Another problem with hedge funds — they don’t even hedge

Posted by Robin Powell on July 4, 2016

As any regular reader of The Evidence-Based Investor knows, investing in hedge funds is a bad idea. The fees they charge are astronomical and the performance they deliver, in aggregate, has been consistently dismal for many years.

But there’s another fundamental reason to avoid hedge funds like the plague, and it’s this: they don’t even hedge.

To be more accurate, some hedge funds do act as a hedge to total portfolio risk for much of the time; but when you really need a hedge fund to come into its own — in other words, during a market crisis — that ability tends to disappear.

In a recent study called Hedge Fund Tail Risk: An Investigation in Stressed Markets, three researchers at the University of Venice in Italy examined hedge fund performance between 1994 and 2011.

In summary they found that:

  • hedge funds actually contribute to the left-tail risk associated with market crises, largely because of their exposure to liquidity and credit risks;
  • strategies typically employed by hedge fund expose investors to common risk factors such as size, value and momentum for stocks, and credit and term risk for bonds;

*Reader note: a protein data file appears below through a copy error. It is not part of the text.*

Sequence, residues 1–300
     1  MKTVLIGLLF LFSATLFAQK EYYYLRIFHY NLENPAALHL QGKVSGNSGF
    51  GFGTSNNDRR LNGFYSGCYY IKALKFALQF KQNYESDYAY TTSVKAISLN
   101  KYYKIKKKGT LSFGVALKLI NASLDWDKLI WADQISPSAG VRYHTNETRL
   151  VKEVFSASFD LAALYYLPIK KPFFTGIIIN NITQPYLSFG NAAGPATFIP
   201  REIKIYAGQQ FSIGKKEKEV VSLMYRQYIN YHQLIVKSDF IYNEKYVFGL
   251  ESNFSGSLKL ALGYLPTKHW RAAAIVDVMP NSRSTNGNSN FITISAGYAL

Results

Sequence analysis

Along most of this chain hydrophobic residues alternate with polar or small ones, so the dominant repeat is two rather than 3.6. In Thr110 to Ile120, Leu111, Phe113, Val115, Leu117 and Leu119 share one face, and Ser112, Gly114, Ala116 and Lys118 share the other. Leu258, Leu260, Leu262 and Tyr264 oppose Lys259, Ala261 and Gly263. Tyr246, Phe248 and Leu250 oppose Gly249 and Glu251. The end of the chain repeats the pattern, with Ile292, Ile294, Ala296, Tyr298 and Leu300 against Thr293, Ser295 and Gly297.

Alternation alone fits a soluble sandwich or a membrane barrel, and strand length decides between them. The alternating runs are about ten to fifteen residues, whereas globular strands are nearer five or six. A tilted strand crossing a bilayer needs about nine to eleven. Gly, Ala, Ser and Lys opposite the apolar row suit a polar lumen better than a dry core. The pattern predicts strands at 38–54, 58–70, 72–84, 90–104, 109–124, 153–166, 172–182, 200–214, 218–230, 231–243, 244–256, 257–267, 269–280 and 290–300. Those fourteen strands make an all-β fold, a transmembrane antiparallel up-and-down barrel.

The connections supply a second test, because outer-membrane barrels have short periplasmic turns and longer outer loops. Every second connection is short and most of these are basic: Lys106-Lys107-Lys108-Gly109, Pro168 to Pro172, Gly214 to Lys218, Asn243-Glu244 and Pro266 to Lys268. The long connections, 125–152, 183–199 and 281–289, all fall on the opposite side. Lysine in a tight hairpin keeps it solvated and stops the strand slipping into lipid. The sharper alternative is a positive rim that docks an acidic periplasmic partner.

• strategies such as market neutral and convertible bond arbitrage, which reduce risk much of the time, in fact add to it during crisis periods; and
  • being invested in a fund of hedge funds during a crisis fails to provide the diversification benefits normally associated with funds of funds, as all hedge fund strategies positively contribute to tail risk.

These findings are consistent with a 2012 study by Jan Wrampelmeyer entitled The Joint Dynamics of Hedge Fund Returns, Illiquidity, and Volatility, and are another damning indictment of hedge funds as an investment. After all, one of the main reasons investors use hedge funds is to hedge their bets, and yet the evidence shows that hedge funds fail to provide a hedge when they most need one.

The cheapest, simplest and most effective way to hedge is to hold a broadly diversified portfolio of low-cost index funds, with the right amount of exposure to stocks and bonds match your risk capacity. Job done.


Related post:

Confessions of a jaded hedge fund manager

Robin Powell

Robin is a journalist and campaigner for positive change in global investing. He runs Regis Media, a niche provider of content marketing for financial advice firms with an evidence-based investment philosophy. He also works as a consultant to other disruptive firms in the investing sector.


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